According to a further aspect, under the assumption that the vessel has a known cross-sectional geometric shape (e.g., a circular shape), the densitometric information can be used to estimate the width of the vessel in question directly. This measure will simplify the processing and is in general accurate.
Advantageously, the invention for a predetermined vessel segment automatically finds a conversion factor between a densitometrically derived vessel diameter and a vessel diameter based on contour detection. Such conversion factor is found by fitting a first cumulative histogram of diameters found by contour detection with a second cumulative histogram of diameters found by the densitometry. This statistical processing is a mature art and will lead to a robust result of the operation.
A related problem considers the occurrence of parallel, bifurcated, or crossing vessels. In such situation, sometimes a contour detection algorithm may trace the outer boundaries of both vessels as being combined, leading to a much too wide vessel. In fact, the above-mentioned over-estimating of the vessel size will occur, sometimes by quite a large factor. Therefore, an additional measure is taken by the invention to solve this specific point. More particularly, the computer-based methodology of the present invention can be extended to discriminate mutually distinct blood vessels located between found borders that show an intermediate densitometric dip.
The invention also relates to an apparatus and computer program for carrying out operations that detect the contour of a blood vessel as described herein.
These and further features, aspects and advantages of the invention will be discussed more in detail hereinafter with reference to the disclosure of preferred embodiments of the invention, and in particular with reference to the appended figures that illustrate:
Hereinafter, a preferred embodiment of the invention will be discussed in detail. The reason why the contour detection goes wrong is that the contours may in certain areas have too little contrast. Although many other routes can be followed to determine if enough contrast is present, the inventors have by way of example used a Student's t-test for independent groups. An advantage of such statistical test is that it will also take the numbers of pixels into account. The Student's t-test is a statistical test that determines if the pixel values inside the found vessel differ statistically significantly from pixel values outside the vessel. A scan line is defined through the vessel that is approximately perpendicular to the local centerline of the vessel. Along this scan line the average pixel values inside the found vessel (μin) and outside the found vessel (μout) as well as the standard deviations inside (σin) and outside the found vessel (σout) are determined on the basis of nin pixels inside and nout pixels outside the vessel. Various procedures may be used to determine a centerline of the vessel, and the actual position of the scan line. Based on the above, the t-value is calculated:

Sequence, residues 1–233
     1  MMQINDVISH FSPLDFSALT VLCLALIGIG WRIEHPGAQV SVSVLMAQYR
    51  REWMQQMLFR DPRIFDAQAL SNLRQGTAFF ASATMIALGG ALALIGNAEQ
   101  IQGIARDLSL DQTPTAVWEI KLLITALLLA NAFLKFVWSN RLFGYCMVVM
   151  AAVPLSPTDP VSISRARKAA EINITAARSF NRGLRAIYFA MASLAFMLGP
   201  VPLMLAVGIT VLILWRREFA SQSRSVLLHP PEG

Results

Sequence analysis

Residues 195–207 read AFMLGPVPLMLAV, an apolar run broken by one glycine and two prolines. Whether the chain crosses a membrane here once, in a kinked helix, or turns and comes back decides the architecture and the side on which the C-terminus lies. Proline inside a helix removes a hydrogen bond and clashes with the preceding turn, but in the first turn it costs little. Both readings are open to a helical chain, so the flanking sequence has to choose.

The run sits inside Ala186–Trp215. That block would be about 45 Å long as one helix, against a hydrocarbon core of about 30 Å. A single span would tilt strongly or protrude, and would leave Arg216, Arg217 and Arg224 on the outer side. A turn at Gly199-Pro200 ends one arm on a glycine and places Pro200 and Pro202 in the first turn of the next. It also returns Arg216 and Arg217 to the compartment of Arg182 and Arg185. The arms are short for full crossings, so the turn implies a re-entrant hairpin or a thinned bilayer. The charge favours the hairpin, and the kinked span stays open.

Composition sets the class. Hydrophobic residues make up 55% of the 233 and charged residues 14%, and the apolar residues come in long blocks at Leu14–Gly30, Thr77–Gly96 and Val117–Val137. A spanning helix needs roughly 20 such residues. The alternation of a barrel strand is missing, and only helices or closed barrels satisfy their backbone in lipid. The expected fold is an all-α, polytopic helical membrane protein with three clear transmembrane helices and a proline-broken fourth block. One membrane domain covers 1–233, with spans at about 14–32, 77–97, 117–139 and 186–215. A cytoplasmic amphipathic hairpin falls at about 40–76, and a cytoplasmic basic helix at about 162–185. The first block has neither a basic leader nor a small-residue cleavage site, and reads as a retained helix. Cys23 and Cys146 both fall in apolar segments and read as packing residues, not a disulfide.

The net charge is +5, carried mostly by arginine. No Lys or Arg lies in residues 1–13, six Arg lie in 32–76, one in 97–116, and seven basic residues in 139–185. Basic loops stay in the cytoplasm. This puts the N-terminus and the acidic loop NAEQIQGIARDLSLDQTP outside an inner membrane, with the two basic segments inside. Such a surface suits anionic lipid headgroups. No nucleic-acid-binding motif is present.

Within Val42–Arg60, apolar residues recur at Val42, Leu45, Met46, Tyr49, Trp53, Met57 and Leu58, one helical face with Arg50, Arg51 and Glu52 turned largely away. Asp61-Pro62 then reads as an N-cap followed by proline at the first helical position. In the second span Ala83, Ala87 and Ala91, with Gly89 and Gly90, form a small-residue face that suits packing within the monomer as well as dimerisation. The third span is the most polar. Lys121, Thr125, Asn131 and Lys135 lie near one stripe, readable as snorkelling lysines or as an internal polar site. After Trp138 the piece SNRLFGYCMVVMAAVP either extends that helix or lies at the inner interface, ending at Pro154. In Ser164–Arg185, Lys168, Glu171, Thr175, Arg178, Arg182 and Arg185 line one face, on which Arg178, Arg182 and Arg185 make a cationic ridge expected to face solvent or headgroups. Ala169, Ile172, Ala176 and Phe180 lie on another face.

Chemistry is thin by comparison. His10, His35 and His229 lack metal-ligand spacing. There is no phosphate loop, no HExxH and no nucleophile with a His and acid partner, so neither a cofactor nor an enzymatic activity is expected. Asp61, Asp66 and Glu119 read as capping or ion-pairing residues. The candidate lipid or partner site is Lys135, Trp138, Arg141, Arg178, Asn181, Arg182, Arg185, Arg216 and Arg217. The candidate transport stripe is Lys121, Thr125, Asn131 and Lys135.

When the p-value associated with this t-value is larger than a certain threshold, pixels inside the vessel found do not differ statistically significantly from the pixels outside the vessel. Note that every analysis that quantifies the Signal-to-Noise ratio can be used to signify the strength of the contours. An advantage of the Student's t-test is that it corrects for the numbers of samples (in this case numbers of pixels).
A problem with densitometry is that, when two vessels cross or lie otherwise in each other's neighborhood, the densitometry can estimate the real diameter as being too large. For that reason, a further criterion is added: when the densitometry gives a larger diameter than the contour detection, contour detection is used without taking recourse to densitometry.
Summarizing, we can say that the densitometry is used if and only if the pixel values outside the vessel differ statistically significantly from the pixel values inside the vessel and moreover, the contour based diameter is larger than the diameter based on densitometry: